The camel’s role in the bible is important, but as with other roles camels have filled in history, underrated. The camel is often portrayed in the bible as carrying very important goods or people. The baggage of the Queen of Sheba is carried on a camel when she visits Solomon (Kings I, 10:2). Camels are often seen as responsible for carrying many goods, such as a passage in Genesis which says, “And the servant took ten camels of the camels of his master, and departed; for all he goods of his master were in his hand: and he arose, and went to Mesopotamia” (Genesis 24:10). The most frequent mention of camels in the bible, however, is in mentioning their drinking alongside their master. Again in Genesis, it is mentioned “And when she had done giving him drink, she said, I will draw water for thy camels also, until they have done drinking” (Genesis 24:19). This is a very common mention for camels throughout Genesis, in fact, it’s quite interesting the number of passages that are devoted to mentioning the watering of camels. These depictions are almost always of a commoner or peasant drinking alongside their camel, perhaps to demonstrate that both man and camel filled a similar role in biblical society; a laborer and a subject to a higher master. Thus, camels are depicted as a very large part of society during biblical times, though in a very low position. The camel is not only portrayed carrying value loads, but also in war (1 Samuel 30:17 ; Isaiah 21:7). The camel is also gifted several times in the bible, showing its economic value during these times. Camels are given, along with cattle, to Abraham by Pharaoh (Genesis 12:16). Their value is shown also in carrying large and valuable loads, such as when Benhadad of Damascus sent a gift to Elisha, “forty camels’ burden” (2 Kings 8:9). The camels of the bible, despite their extensive use, are not symbolized as noble creatures. Camel meat was not to be consumed, given that it was considered an unclean animal (Leviticus 11:4 ; Deuteronomy 14:7). Despite their prominent role in transport of goods and people, it is clear that camels in biblical times were assigned a role of a pack animal, and not regarded much higher. Furthermore, John the Baptist is portrayed as wearing camel’s hair (Matthew 3:4 ; Mark 1:6), which set him apart from royalty, who wore a softer, more luxurious fabric (Easton). With the above references, it can be inferred that camels were considered commonplace animals, that despite their role in travel and trade, were not considered any more noble than the average peasant. This highlights another example of exploitation of camels in history, given that camels serve an important role, but are taken for granted. Despite their role, they are still considered dirty, unclean, work animals.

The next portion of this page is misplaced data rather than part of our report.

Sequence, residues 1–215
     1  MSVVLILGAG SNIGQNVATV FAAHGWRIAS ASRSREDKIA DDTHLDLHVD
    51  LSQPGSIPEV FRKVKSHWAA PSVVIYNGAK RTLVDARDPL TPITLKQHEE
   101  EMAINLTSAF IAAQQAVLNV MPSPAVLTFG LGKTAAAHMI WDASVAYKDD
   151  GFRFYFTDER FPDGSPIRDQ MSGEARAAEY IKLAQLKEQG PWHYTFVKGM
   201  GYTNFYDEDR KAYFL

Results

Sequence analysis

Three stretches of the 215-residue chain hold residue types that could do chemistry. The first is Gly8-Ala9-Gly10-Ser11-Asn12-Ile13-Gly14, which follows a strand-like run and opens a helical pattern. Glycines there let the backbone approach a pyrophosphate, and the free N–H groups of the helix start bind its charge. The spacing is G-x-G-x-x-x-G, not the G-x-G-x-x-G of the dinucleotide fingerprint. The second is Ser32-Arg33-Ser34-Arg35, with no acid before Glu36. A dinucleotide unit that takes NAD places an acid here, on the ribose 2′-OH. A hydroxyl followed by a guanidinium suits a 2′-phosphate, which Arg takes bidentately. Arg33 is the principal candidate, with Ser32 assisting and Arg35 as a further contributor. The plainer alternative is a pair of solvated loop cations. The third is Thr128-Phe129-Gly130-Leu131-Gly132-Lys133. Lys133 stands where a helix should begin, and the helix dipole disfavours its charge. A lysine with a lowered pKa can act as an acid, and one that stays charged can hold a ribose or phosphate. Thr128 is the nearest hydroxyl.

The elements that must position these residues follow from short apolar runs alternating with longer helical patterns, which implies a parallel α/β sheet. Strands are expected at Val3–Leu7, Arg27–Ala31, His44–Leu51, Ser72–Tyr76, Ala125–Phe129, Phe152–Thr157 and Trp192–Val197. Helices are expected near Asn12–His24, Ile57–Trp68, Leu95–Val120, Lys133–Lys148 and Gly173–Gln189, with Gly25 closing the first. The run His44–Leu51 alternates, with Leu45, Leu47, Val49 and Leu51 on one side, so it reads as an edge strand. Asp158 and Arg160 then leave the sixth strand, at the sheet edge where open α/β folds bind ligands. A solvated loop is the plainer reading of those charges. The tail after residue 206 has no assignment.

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Recent Findings: Disproving Camels in the Bible